Worry Becomes a State of Mind

What? Me worry? You can count on it.

Show me anyone in God’s given land who claims not to worry and I’ll show you a liar. Or a cockeyed optimist.
In these troubled times, a lot of people I know worry about nothing, especially when their bank accounts are exhausted.

We worry about our income tax and we worry about our income. We worry about getting older and for what? When we stop advancing in age, it’s the end of the line so all that worry went for naught.

As a dutiful husband and parent, I’ve never stopped worrying. I worried the day I dated my wife, hoping that my parents would consent. Then I worried about being accepted by her family.

I worried the day I got married—that the bride would show and the best man didn’t forget the rings. A friend of mine gave me this advice.

“Tom,” he said. “No need to worry if you can help it. And if you can’t, no use in worrying.”

Sure. Easy for him to say. He wasn’t the one doing the worrying.

I worried when my first child was born, dashing to the hospital and pacing up and down the waiting room until my daughter came into the world. I counted the fingers and the toes. What a relief!

The same held true for the two boys, 10 years apart. I worried the day they started school and how they would be accepted by their peers with ethnic names. Their first report card had me on edge. Would they be good students or was I in for trouble?

I worried the day they went camping for the first time with Scouts and whether or not they would survive a Klondike Derby in the dead of winter.

Next came high school and the usual rash of sports and band activity. Inside an ice-cold rink, I would follow that punk every inch of the way and guide it toward the net. The day one son was banged into the boards and players hovered around, I worried about a debilitating injury. Safe to say, the kid survived.

Then came college. Would I be able to afford the private schools of their choice, especially with two enrolled together? And on a journalist’s salary? What if my wife lost a teaching job?

I worried about their welfare, being away from home for the first time, who their roommates might be, the drug scene, and what their majors might entail.  Would they get jobs? One commencement coincided with a recession. I had all I could do to cope with anxiety during the early 1990’s.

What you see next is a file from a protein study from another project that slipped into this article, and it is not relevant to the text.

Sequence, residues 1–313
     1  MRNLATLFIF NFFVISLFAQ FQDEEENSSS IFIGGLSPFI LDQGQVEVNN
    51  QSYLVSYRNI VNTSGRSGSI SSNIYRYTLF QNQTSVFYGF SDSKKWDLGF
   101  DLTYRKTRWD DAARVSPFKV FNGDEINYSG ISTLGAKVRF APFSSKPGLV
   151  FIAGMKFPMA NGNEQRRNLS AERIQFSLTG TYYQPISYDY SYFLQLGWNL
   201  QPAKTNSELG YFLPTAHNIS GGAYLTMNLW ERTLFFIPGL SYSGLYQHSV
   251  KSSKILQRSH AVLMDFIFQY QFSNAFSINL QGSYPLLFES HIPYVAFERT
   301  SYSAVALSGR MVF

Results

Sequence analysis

I worried about their marriages and their spouses. Would they be suitable mates? Could they afford single-family homes? Perhaps I had just cause to worry.

As I approach my 70s, worry continues to affect my wellbeing. In some ways, it’s like the exercise bike I employ every day. It gives me something to do but doesn’t get me anywhere.

Much as I’m willing to turn my back on it, worry still finds me. That qualifies me to be a worrywart, a basket case.
Just recently, I was perusing the newspaper and came across a disturbing item on the business page. Fidelity Investments announced a significant layoff. Four thousand employees were about to lose their jobs.

Would my son be among the casualties? He’s been with the company nine years, ever since graduating from Bentley. Life was good. Now, a modest home with two young children and a stay-at-home wife were suddenly being jeopardized.

I tried to read his face the last time we met, only to be reassured some. Being a high-powered agent who brings money into the company, his release was less likely than some executive making big bucks sitting behind a desk.
“Don’t worry about it, Dad,” he said. “Can’t you ever be at peace with yourself? If it occurs, we move on. It’s the sign of the times these days.”

The kid had the right disposition. We could exhaust our retirement and keep the family stabilized until restitution was met. Isn’t that what true parenthood is all about?

The day arrived for the big lay-off and I would have been better off getting a root canal. I counted the hours until he was due home when I made the call.

“Just checking,” I said, wiping the sweat.

“The house is going on the market and we’re moving into a shelter,” he told me. Moments later, I heard a snicker.
“Lay-offs are nasty business, Dad. Lost some of my friends. But I survived.”


Just goes to show. Worry all you want. It’s one of the few things left in society we can still do for free.

Tom Vartabedian

Tom Vartabedian

Tom Vartabedian is a retired journalist with the Haverhill Gazette, where he spent 40 years as an award-winning writer and photographer. He has volunteered his services for the past 46 years as a columnist and correspondent with the Armenian Weekly, where his pet project was the publication of a special issue of the AYF Olympics each September.
Tom Vartabedian

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